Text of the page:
Quick, turn off the engine!" instructed Mr Fritz with great excitement. "There's a giraffe coming!" By now we'd spent close to two hours quietly sitting next to a water hole in our blisteringly hot, rented Toyota HiLux, completely mesmerised by the miraculous scene unfolding before our eyes.
Herds of zebra had been filing in from every direction, like apparitions through the dusty heat haze. Majestic oryx were present in great numbers as were always-nervous-looking springboks. A lone kudu, several ostriches and even a jackal appeared like ghostly figures on the horizon and braved the scorching conditions to quench their thirst.
And now a giraffe? I silenced the engine while Mr Fritz zoomed in with his camera. "There's actually seven!" he announced with childlike enthusiasm. Suddenly, we felt like the luckiest people alive as we waited in the suffocating heat, sweat trickling into our underpants and sand blasting in through the open windows and whipping our ears.
This unique region in northern Namibia is characterised by a vast, dried-out salt lake known as Etosha Pan (Etosha means "great white place" and it's large enough to be visible from space). In 1851, it was viewed for the first time by European explorers, setting in train a series of turbulent events including an insatiable thirst for big game hunting and the building of a fort by German troops in 1899, all of which had a significant impact on the landscape, its people and its animals.
The original reserve occupied an astounding 100,000 square kilometres, about half the size of Victoria, and extended all the way to the Atlantic coast. Over time, the park's boundaries were reduced, reaching its current 22,000 square kilometres in 1967.
Thanks to conservation efforts, animal populations have increased and Etosha now welcomes thousands of travellers each year. In 2017, more than a million tourists visited Namibia.
But Australians are not that well-represented yet and several times, much to our amusement, we were thought to be Austrian.
Inside the park gates, which are closed at dusk to deter poaching, is where you'll find the reception centres, rest camps and other facilities. Many travellers choose to stay in the chalets, campsites or luxury tents but there are also several upmarket lodges outside the gates if that's more your style.
One of the lodges we chose to stay in is eight kilometres outside the Von Lindequist Gate, on the eastern border, an easy five-hour drive from Windhoek, Namibia's capital.
Villa Mushara, located in the grounds of Mushara Lodge, is a quintessential safari experience – one that even includes an adorable family of warthogs who have taken to grazing on the lawns near the main lodge and the pool.
As Laimi, the delightful supervisor, swung open the enormous timber door to our oversized, thatched-roof villa we were struck by the most sublime mix of textures: art, wood, rattan and metallic accents, even a divine freestanding copper bath. A design aesthetic that is pure African luxe.We enjoyed sundowners of whisky and soda before indulging in a three-course dinner on the terrace. With smiles on our faces we dropped onto our oh-so-romantic netted bed and wondered what animal adventures the following day would bring.
Spotting wildlife is, of course, the most thrilling aspect of a safari holiday. But experiencing unique African-style lodges, chatting to knowledgeable and friendly staff and simply tuning into a different rhythm are almost as rewarding.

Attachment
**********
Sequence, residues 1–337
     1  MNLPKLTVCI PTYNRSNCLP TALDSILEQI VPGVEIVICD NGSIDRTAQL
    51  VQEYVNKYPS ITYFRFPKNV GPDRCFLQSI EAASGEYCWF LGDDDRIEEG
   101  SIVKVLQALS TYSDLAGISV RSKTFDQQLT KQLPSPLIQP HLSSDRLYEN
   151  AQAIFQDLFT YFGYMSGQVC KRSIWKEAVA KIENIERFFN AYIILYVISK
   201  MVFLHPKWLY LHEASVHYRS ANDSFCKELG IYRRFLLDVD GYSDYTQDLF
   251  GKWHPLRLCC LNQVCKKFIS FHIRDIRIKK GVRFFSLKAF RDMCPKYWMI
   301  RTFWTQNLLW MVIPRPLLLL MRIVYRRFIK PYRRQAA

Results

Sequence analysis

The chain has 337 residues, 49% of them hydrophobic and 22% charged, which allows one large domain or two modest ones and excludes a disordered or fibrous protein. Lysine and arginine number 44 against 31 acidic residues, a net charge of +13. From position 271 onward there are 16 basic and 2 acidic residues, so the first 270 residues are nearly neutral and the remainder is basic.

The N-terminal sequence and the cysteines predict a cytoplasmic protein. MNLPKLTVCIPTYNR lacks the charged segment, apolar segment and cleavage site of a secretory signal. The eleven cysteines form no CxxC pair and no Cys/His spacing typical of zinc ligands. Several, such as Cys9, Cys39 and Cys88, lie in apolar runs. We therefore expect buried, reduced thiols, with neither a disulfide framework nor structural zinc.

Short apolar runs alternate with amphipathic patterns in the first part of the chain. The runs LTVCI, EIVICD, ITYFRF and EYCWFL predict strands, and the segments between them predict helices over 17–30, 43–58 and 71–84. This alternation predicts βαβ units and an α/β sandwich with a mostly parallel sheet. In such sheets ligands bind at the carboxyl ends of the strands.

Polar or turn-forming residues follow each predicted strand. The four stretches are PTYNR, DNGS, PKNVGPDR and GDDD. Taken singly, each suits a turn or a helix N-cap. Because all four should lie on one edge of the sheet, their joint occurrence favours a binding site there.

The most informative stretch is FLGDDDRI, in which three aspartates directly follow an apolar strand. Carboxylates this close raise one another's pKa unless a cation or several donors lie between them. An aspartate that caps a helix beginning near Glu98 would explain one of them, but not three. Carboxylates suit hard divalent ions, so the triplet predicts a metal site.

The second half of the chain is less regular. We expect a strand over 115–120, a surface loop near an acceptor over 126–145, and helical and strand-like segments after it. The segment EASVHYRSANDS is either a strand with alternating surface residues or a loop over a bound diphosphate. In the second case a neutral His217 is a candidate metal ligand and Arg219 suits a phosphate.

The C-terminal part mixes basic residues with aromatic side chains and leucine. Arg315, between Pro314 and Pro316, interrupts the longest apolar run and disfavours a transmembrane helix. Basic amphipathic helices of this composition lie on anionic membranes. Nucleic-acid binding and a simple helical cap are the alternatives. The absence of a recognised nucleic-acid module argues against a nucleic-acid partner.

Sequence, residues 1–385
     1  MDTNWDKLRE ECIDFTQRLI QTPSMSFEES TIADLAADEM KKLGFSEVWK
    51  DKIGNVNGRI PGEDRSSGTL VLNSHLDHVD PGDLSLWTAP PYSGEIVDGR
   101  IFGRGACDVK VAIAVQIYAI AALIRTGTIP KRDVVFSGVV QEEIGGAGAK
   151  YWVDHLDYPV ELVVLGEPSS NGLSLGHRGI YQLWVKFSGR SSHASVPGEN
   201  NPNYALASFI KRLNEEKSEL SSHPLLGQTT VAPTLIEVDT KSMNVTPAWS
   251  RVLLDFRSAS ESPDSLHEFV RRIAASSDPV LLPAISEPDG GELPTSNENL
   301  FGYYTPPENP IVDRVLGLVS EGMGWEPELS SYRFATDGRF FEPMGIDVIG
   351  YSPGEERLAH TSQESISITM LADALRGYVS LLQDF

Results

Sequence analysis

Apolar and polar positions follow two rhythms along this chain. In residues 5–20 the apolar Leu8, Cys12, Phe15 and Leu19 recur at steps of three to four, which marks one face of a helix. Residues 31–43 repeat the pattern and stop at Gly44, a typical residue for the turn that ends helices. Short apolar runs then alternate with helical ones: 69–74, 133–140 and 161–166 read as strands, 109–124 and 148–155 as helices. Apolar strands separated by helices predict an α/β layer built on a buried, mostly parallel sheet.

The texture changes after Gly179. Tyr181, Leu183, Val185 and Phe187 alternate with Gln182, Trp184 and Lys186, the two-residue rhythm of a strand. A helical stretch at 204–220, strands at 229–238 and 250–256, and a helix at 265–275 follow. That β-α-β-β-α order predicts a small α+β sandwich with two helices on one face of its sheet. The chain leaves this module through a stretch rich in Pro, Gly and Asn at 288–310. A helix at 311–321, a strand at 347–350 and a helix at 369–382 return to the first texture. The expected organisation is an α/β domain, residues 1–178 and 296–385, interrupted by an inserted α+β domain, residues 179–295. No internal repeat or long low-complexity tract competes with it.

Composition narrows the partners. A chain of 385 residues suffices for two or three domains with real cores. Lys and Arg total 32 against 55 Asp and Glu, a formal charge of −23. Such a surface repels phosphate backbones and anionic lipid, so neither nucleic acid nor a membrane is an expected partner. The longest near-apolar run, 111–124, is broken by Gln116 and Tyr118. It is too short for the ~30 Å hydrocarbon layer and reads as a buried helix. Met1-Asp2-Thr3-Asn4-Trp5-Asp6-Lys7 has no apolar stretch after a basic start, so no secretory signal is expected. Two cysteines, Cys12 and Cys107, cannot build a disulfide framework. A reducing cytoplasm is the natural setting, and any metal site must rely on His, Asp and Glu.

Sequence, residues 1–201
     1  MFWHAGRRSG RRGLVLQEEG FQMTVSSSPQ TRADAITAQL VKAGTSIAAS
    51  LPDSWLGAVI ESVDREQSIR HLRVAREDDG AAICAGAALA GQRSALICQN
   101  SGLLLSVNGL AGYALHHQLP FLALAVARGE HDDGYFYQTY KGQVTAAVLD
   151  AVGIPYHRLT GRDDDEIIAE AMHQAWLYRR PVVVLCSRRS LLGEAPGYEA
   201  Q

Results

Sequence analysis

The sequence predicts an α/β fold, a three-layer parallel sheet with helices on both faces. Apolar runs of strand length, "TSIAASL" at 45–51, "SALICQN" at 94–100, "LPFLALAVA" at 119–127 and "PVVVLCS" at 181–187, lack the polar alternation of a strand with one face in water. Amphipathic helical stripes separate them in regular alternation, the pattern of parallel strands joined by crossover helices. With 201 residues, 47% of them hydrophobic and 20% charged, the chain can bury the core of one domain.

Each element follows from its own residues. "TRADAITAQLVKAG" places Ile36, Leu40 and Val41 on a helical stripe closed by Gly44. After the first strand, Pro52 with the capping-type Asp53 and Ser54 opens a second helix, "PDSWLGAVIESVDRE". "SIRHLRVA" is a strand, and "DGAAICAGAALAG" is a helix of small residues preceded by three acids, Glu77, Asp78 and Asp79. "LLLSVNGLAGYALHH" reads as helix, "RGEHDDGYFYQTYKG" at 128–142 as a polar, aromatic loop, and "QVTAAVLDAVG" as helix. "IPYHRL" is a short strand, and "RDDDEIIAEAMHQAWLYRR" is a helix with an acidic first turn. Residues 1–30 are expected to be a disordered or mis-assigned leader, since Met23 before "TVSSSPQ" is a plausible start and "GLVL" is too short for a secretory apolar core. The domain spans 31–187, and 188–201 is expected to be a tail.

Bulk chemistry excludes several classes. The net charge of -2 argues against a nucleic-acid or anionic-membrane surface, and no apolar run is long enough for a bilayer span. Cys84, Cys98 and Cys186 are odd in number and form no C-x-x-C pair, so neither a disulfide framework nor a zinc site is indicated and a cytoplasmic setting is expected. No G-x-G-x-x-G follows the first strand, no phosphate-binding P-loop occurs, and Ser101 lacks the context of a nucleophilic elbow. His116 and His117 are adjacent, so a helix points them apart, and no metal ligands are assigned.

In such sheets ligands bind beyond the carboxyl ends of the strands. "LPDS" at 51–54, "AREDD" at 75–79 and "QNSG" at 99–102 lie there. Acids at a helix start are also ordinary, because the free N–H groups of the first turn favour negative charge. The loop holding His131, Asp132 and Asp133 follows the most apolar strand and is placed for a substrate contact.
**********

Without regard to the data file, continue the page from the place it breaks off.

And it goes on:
Snacking on biltong and dröewors – a thin, dry sausage flavoured with coriander seeds – or feasting on oryx and ostrich, if you choose, all adds to the Africa experience.
And then there's the ever-changing scenery that engages you, from the woodland savannah and grasslands to stands of shimmering mopane trees with their butterfly-shaped leaves.
Muted dusty blues and soft pinks on the horizon and the giant, chalky-white salt pan all add to the visual splendour. Hours of intense scanning for animals in this landscape can also lead to many false and hilarious sightings, such as rocks masquerading as rhinos and leopard-shaped branches.
But whether you choose to drive yourself, as we mostly did, or go with a guide, you can be certain that the corrugated, dusty roads will place you firmly in the moment.
There are, of course, no guarantees in the wildlife-spotting game. But what's so wonderful about Etosha is that you can simply drive to a waterhole and wait. That's how we spotted a rhino, then watched it playfully trot about and threaten a springbok.
We also delighted in families of warthogs, and antelopes such as red hartebeest, eland and black-faced impala, as well as groups of menacing-looking wildebeest. But animals pop up anywhere, anytime, like the pair of lions we stumbled on, lazily napping on the side of the road.
And then one afternoon we almost drove into a herd of elephants. These family-oriented gentle giants can weigh up to seven tonnes and reach a height of four metres. Nothing intimidates quite like an elephant towering over your car looking as if it's sizing you up.
There are rules around elephants. Don't get too close. If you enter their personal space they will let you know about it. It wouldn't get more terrifying than a trumpeting bull elephant charging at your car.
We kept a safe distance, but I was on high alert. "Watch that huge one on your right! He's coming this way!" I warned Mr Fritz with noticeable anxiety in my voice.
He yelled back excitedly, "At the back of the bull, I think there's a baby elephant … I can see its trunk."
I spun around and with a bemused tone responded, "Oh, Mr Fritz, that's not a baby elephant's trunk."
This article appears in Sunday Life magazine within the Sun-Herald and the Sunday Age on sale October 13.